1. Make a page with a text field and some checkboxes.
  2. Have that call my search method. My search method returned the HTML with the results.
  3. Load and display the matched files.

For my situation, it was the view/controller layer straight up. I didn’t need another model layer: I already had a model of custom Python objects that bridged to this third party data.

So I made a DocumentTemplate for the search form, and had a function in my application module that ran the search by going through the selected search targets, based on the input. And I could publish it with the following in the top level of the module:

    def glimpseSearch(searchfor='', engines=[]):
        """ Search for the submitted text across engines """ 
        #.... python code

    def getFile(path=''):
        """ Get the published file from the relative path """ 
        #.... python code

    searchform = DocumentTemplate('searchform.dtml')

    web_objects = {
        'index_html': searchform,
        'search': glimpseSearch,
        'getfile': getFile,

That was about it. I got a quick search form and quick results template together, and spent the first half of my day working on the search method and discarding some of the old socket-server specific code. Then I spent the second half of the day making the HTML look pretty. I still look at that and go “now there’s a starting point that I could teach somebody”. Zope has long lost that easy starting point. There are many many many starting point options. And even Zope 3, which is supposed to be stripped down and simpler in its concepts, cannot be so easily explained.

I was very impressed by that. I had my own “web framework” going at the time. Python’s always made it easy to write your own, be it 1996 or 2006. But after taking this death march project I had been working on and giving it new life by putting it on the web in a matter of hours, I completely abandoned my own foolish ideas and continued to build on Bobo.

At the time, there was a full “back to front” stack available for Bobo, but you could use all of these parts completely on their own with no dependency on the others:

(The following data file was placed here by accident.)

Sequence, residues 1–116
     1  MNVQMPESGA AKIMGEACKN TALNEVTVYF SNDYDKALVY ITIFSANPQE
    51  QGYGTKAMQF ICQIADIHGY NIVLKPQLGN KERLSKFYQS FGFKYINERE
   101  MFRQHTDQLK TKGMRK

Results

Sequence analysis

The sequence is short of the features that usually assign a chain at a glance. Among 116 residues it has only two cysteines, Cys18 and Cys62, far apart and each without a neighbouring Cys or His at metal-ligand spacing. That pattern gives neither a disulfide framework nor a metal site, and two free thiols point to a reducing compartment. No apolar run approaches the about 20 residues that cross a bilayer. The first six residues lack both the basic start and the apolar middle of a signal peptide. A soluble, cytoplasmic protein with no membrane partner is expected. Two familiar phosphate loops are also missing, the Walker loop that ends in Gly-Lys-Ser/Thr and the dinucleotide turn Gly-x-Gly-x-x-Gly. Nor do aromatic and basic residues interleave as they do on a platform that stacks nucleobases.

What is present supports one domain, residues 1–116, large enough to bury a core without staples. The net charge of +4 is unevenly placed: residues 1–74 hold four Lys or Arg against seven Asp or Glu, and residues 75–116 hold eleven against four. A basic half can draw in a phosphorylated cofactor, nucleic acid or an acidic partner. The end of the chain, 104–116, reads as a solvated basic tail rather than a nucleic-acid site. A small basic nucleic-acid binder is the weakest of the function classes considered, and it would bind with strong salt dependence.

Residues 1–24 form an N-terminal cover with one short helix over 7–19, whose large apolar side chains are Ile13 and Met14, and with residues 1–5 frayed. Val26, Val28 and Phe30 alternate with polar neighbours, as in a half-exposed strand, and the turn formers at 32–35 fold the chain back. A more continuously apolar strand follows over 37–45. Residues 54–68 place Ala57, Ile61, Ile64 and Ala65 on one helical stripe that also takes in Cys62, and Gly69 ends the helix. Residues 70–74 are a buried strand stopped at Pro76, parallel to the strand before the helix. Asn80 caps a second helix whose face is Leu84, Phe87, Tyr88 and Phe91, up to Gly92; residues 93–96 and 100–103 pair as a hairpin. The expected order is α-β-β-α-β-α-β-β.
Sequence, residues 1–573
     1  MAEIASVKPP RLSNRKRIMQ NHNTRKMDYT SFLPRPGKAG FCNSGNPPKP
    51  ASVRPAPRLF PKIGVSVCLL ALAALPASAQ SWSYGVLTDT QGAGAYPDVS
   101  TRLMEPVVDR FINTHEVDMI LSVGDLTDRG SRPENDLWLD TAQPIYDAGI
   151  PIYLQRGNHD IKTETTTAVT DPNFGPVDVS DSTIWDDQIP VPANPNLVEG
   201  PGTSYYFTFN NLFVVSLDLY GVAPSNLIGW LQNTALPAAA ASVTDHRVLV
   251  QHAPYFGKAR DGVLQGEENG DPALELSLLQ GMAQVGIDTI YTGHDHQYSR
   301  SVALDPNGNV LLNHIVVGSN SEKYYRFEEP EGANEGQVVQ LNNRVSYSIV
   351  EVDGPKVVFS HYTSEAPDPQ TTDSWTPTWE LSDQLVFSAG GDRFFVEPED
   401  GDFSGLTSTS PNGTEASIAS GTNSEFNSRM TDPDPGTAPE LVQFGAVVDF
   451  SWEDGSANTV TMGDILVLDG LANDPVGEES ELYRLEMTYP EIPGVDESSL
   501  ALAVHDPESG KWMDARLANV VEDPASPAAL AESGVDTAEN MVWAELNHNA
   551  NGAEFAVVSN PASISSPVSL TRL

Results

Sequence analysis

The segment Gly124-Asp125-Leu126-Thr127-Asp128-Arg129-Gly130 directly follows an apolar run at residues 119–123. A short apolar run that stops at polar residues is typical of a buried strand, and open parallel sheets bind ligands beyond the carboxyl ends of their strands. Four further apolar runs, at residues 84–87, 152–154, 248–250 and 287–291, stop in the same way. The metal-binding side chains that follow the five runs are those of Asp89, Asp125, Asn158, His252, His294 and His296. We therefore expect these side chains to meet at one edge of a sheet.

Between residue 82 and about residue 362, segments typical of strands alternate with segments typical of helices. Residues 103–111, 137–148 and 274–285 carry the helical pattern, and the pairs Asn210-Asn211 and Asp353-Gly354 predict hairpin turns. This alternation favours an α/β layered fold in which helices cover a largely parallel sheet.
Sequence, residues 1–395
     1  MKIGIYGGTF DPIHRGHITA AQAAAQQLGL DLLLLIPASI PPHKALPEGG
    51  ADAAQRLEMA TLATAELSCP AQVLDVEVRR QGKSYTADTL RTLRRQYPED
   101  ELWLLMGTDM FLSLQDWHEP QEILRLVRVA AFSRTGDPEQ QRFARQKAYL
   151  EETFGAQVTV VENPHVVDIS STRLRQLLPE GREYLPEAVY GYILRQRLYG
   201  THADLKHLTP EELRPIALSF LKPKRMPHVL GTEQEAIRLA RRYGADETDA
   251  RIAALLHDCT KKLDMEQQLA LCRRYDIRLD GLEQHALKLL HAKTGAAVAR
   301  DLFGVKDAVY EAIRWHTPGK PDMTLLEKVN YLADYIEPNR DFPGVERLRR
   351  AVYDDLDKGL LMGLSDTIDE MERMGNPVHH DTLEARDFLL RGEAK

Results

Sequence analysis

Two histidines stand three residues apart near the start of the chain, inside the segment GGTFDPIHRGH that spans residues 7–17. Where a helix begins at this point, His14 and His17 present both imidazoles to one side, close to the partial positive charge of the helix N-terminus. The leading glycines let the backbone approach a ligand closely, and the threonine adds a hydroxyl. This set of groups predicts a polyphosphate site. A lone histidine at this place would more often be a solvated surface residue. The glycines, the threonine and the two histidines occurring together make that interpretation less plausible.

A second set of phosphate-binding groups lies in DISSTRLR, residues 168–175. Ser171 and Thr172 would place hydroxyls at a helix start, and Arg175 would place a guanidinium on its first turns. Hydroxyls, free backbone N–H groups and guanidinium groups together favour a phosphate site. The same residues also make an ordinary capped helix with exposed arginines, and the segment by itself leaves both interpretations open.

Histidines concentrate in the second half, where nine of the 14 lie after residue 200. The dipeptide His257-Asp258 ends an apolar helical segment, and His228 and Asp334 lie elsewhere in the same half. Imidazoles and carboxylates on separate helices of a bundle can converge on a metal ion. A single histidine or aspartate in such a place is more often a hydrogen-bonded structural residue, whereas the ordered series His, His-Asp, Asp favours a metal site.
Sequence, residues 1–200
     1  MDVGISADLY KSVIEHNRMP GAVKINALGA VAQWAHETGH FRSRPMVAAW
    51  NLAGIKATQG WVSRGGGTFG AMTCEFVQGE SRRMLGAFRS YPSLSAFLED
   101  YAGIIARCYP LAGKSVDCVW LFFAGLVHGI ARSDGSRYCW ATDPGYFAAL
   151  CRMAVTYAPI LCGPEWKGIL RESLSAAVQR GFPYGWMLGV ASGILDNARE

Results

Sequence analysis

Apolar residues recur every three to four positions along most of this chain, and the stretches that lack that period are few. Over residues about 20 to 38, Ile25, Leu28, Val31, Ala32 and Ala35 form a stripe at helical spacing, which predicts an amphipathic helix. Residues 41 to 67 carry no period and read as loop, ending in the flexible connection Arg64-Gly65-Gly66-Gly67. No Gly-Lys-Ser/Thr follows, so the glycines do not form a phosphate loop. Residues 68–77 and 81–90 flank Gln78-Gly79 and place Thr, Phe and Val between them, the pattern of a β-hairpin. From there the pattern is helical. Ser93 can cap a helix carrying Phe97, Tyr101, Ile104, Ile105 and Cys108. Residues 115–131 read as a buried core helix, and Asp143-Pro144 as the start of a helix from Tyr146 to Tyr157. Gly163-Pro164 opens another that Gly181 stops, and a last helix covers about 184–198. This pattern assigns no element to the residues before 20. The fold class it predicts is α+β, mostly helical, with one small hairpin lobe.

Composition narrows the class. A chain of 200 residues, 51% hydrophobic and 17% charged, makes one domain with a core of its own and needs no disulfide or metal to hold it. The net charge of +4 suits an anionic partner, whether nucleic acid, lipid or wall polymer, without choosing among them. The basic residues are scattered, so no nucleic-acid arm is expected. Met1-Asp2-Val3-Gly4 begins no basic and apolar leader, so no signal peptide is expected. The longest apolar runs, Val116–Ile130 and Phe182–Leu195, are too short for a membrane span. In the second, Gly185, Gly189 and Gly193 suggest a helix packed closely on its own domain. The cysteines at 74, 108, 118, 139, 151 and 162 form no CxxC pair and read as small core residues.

1. bobo, aka the python object publisher: publishing objects on the web, marshalling requests. Oh, and it offered security too. Could be used on its own as the foundation for building a web application. Generally stayed out of your way otherwise.
  2. DocumentTemplate: also known as DTML. Before Principia/Zope, DTML was really quite a nice template language. It did not have any Python expressions at all, and thus could not be used for programming. It had a lot of built in features for displaying and formatting data, especially when working with sequences. It was purely, purely, purely about inserting data into a string, and was quite nice to use at the time.
  3. BoboPOS: This eventually became the ZODB. This was a persistent Python object storage. When used with Bobo, the Bobo publisher would start a transaction at the beginning of a web request, and commit it at the end if no errors were raised. I only used it lightly, but loved it when I did. Prior to this, I always had the problem (during development) of having code blow up, leaving me with partially written data that I’d have to clean by hand while also fixing my bugs.

You could use these individually, or all together, or in any combination.

The nice thing was – it was so easy! At least, after learning a couple of relatively simple concepts. There was an easy entry point to basically say ‘for this name, call this function’ or ‘start traversing this object’ and start writing a web application. The job of the FCGI Publisher, or CGI Publisher, was to find the name of the module to publish and pass the module into the publisher core, and that would look for these entry points.

Zope is just a Bobo application. Seriously! Zope 2 is still published as a ‘bobo_application’ object in a module. It just happens to be an object that wraps a ZODB instance. But at its heart, this is all it is.

But being able to so easily start writing a dumb simple web application based on other Python code you might have is not so obvious any more. Bobo got swallowed up into Zope 2. The core pieces are theoretically available again in Zope 3 as independently usable pieces, particularly zope.publisher. And there’s been a zope.bobo effort to restore that ease of use. But the effort hasn’t had much work. And I don’t contribute code to much these days.

I’m a bad person in this respect. I just bitch. But I’ve got a job, a dog, and art projects I’m neglecting that I shouldn’t be.